Another regular citation type is the exemplar. For a long time it was pretty much de rigueur when discussing the emergence of nations in the wake of democratic revolutions to reference Jurgen Habermas on the “public sphere,” and Benedict Anderson on “imagined communities.” You don’t need citation indices to know that these works were incredibly influential. But the half-life of influence and citations, I would argue, were inversely proportionate. The more citations these works collected, the less intense the engagement with the arguments they made and the more casual the references.
And there is also the purposely brief reference. Sure, we all think that every article on a subject brushing up against our own published work ought to cite us; obviously, we can discount some of this angst as a inflated assessment of one’s own impact. But sometimes the no-cite is powerful evidence of impact. Here’s how this goes. Scholar A is working on topic Z, and publishes just as Scholar B is about to publish on a similar topic (we’ll call it Z-1). Given the close circles in which research kin move, it is unlikely that Scholars A and B have not been aware of one another’s work. So Scholar B might offer this: “for treatment of a related issue, see Scholar A, citation.” This is a civil nod, not an acknowledgment of impact.
For an estimate of the proportion of each of these kinds of references, I did a back of the envelope accounting of citations in a recent article by a senior scholar in the latest William and Mary Quarterly. Alison Games wrote about “Cohabitation, Surinam-Style: English Inhabitants in Dutch Suriname after 1667,” which looks at an unusual period in the era of global colonization when the Dutch conquered an English colony but the two colonial powers decided to “cohabit.” The breakdown in my admittedly hasty count shows a preponderance of primary source citations, and only a marginally larger number of direct as opposed to indirect secondary source references. In 104 footnotes (the WMQ style is to cluster citations at the end of each paragraph) Games references seventeenth-century Dutch and English sources 168 times. Fifty-eight times she directly cited a secondary source, a work of historical scholarship, that provided key information or insight for her argument about the consequences of Dutch-English attempt to live and work side-by-side. But forty-five times she offered an indirect reference to a work of scholarship that offered a comparative example or another perspective on a similar issue. Because Games is working in a relatively unexplored field, I thought that Games would be less likely than others to have a high proportion of indirect (situating or exemplary style citations). A quick glance at the article that follows Games’s, on a much more heavily studied subject, suggests that other articles indeed may include a much higher proportion of those indirect references.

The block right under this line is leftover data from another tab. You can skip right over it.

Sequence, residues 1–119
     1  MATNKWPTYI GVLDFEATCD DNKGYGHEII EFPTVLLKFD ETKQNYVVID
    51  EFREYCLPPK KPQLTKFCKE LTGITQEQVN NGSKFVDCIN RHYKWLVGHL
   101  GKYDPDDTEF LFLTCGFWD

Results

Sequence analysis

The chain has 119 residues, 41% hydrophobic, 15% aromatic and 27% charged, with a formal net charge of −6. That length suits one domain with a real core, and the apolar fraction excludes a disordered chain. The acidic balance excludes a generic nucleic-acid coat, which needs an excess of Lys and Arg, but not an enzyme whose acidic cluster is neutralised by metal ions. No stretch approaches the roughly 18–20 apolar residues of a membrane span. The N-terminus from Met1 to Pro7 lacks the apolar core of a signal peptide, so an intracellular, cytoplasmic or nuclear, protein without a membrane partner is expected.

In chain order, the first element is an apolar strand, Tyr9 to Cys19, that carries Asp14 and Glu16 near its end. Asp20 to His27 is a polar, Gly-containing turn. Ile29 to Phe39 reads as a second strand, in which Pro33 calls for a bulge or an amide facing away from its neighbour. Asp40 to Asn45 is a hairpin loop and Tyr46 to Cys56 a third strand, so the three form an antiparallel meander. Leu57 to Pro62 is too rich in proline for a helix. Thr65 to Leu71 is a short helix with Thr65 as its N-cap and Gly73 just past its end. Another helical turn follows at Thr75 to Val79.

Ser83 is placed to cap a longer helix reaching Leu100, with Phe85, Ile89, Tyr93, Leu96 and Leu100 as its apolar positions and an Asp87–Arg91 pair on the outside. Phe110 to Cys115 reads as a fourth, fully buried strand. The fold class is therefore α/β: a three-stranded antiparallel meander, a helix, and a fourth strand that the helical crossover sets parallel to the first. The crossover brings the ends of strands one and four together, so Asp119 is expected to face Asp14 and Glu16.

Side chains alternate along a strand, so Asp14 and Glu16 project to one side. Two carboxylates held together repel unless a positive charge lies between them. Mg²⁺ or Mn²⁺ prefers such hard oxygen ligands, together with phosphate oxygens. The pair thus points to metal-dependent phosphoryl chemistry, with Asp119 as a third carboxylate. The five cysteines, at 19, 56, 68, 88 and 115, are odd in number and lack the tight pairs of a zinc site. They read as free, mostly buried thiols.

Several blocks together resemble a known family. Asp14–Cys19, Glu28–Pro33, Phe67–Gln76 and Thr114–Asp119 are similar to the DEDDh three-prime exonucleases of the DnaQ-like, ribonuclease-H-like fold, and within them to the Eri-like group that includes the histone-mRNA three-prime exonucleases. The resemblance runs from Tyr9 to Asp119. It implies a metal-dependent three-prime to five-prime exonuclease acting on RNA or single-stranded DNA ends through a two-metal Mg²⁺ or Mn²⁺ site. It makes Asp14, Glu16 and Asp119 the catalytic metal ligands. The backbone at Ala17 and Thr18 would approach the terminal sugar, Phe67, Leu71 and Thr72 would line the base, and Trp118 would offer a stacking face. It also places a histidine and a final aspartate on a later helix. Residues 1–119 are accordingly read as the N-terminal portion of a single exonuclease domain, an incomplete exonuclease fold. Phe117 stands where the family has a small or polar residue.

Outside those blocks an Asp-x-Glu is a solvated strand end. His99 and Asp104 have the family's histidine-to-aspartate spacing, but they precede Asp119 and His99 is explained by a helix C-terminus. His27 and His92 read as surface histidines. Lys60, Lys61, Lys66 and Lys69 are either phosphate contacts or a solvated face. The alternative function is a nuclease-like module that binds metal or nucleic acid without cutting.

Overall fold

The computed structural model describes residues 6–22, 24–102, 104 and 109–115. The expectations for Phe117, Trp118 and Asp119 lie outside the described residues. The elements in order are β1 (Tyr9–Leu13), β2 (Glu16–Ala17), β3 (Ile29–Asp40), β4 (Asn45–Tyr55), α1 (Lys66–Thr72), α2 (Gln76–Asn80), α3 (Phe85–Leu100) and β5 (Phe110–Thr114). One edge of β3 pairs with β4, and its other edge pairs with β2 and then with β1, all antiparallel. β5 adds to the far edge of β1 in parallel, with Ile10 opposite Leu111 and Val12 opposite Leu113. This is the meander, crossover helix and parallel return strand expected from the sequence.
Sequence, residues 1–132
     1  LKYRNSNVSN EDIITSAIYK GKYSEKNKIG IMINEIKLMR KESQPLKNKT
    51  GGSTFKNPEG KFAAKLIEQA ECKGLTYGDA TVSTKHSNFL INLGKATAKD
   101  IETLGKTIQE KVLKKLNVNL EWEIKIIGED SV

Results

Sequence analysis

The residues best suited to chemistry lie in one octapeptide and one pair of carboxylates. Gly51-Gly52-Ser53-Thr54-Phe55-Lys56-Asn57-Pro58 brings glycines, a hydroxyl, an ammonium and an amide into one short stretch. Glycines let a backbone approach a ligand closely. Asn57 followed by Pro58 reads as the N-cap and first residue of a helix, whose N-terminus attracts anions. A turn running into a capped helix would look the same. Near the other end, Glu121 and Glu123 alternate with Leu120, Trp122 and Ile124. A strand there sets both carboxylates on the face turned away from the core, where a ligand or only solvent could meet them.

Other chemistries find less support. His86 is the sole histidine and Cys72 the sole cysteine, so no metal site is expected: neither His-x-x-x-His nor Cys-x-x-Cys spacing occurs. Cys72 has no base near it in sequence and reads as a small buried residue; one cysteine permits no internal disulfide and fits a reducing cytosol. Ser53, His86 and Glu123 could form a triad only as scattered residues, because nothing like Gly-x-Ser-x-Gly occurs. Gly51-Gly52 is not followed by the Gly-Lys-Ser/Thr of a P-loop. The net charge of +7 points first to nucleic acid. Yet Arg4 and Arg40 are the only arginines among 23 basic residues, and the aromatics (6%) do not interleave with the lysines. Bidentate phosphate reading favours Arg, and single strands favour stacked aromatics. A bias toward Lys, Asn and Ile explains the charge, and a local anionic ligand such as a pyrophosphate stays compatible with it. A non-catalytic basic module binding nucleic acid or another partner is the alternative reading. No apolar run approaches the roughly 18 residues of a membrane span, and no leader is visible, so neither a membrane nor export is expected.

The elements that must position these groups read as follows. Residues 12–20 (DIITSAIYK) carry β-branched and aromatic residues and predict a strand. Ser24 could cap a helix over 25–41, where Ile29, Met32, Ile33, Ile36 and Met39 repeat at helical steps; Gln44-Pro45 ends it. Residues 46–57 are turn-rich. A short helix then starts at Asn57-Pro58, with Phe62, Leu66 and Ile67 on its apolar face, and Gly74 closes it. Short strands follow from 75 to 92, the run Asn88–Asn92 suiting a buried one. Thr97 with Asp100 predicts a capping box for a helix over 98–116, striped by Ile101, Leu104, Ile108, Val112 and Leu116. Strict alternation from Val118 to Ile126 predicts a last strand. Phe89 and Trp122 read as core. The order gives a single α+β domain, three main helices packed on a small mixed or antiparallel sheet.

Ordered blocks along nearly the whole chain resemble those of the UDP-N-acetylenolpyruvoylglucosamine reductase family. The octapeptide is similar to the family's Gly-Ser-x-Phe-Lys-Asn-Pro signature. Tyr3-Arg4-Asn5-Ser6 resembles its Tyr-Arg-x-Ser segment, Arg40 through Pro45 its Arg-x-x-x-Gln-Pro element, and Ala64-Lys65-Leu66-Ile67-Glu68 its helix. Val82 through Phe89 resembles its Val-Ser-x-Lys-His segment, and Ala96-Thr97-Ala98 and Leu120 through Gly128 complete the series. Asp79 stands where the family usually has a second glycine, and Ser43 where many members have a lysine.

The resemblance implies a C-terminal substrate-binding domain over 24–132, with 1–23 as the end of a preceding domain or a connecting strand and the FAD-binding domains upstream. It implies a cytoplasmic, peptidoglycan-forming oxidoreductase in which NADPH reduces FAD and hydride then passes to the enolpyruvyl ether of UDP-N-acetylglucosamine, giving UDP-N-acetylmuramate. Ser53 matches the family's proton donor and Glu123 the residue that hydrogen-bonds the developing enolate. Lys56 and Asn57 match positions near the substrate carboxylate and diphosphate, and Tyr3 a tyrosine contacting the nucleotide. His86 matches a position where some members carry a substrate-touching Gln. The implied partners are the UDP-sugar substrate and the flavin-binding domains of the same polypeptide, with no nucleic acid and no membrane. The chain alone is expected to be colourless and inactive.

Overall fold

I think citation is critical; it is the foundation on which scholarship is built. In my discipline citations serve any number of purposes, most of which involve educating the reader of a particular essay about scholarly context rather than intellectual influence. When we assume, though, that volume of citations ipso facto is equivalent to impact, we have likely misapprehended the purpose of many citations and we have surely missed which citations reflect genuine impact, that is, scholarly influence.